Israeli soldiers have shot and killed two Palestinian children in the Gaza Strip during confrontations, less than 24 hours after six people were shot dead while protesting along the border with Israel. 

The Palestinian Health Ministry on Saturday said 13-year-old Marwan Barbakh and 15-year-old Omar Othman were shot with live ammunition in eastern Khan Younis in the southern Gaza Strip.

Medical sources confirmed to Al Jazeera that at least 23 people had been injured in clashes with Israelis across Gaza on Saturday.

The ministry said in a post on Facebook that the total number of Palestinians killed since the start of October now stood at 20, with nine killed in the Gaza Strip, and 11 in the occupied West Bank and occupied East Jerusalem.

The killings come a day after Israeli soldiers killed six Palestinians protestesting along the border separating the territory from Israel.

Among those killed on Friday was a 15-year-old boy who was fatally shot at a demonstration in the al-Faraheen village, southeast of Gaza City.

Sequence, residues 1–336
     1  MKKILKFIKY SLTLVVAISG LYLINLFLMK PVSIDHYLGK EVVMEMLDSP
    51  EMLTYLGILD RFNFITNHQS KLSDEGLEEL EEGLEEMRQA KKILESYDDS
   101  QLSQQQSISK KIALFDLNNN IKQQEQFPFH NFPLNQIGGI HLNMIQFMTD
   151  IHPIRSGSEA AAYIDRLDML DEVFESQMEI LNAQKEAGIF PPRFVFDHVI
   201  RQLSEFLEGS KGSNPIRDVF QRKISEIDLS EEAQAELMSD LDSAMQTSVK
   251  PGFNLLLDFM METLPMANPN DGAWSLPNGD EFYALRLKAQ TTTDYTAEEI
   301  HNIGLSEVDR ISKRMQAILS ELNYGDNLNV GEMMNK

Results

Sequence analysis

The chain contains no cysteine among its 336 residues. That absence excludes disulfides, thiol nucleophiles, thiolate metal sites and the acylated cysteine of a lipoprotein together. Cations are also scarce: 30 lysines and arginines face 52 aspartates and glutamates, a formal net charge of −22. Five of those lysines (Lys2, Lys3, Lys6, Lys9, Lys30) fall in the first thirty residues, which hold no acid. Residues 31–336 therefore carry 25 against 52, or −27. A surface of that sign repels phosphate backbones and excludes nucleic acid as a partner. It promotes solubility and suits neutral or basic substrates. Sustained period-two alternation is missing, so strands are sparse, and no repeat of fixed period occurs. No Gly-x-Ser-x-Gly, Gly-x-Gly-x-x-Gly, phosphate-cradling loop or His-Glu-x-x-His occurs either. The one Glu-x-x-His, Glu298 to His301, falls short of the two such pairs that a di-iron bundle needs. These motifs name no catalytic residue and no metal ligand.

The Israeli army claimed there had been "multiple violent attempts to storm the border fence" and "a 1,000 rioters infiltrated the buffer zone", throwing a "grenade, rocks and rolled burning tyres" at the soldiers".

East Jerusalem deaths

The deaths of the two teenagers in Gaza came shortly after three Palestinians werekilled in separate incidents in East Jerusalem after reportedly attacking Israelis.

The dead included a 16-year-old who was shot dead by Israeli police after stabbing two men, and a member of Hamas who opened fire on Israeli paramilitary police during a clash in the Shuafat refugee camp.

Another Palestinian was shot dead after a stabbing attack against Israeli police officers. The incident left three Israeli police officers injured, one seriously after a possible 'friendly fire' incident.

The Palestinian Ministry of Health said two Palestinians were being treated for head injuries in Bethlehem after being hit by teargas cannisters fired by Israelis during protests there.

Al-Aqsa tensions

The recent violence has been fueled by Palestinian fears that Israeli hardliners are trying to take control of the al-Aqsa mosque in East Jerusalem, one of Islam's holiest sites.

Those fears have grown after visits by Jewish groups, including politicians, to the site.

Israeli Prime Minister Benjamin Netanyahu has insisted Israel is committed to maintaining the status-quo and has banned his ministers from visiting the site.

Under the current arrangements Jews are allowed to visit the site but non-Muslim prayer is banned.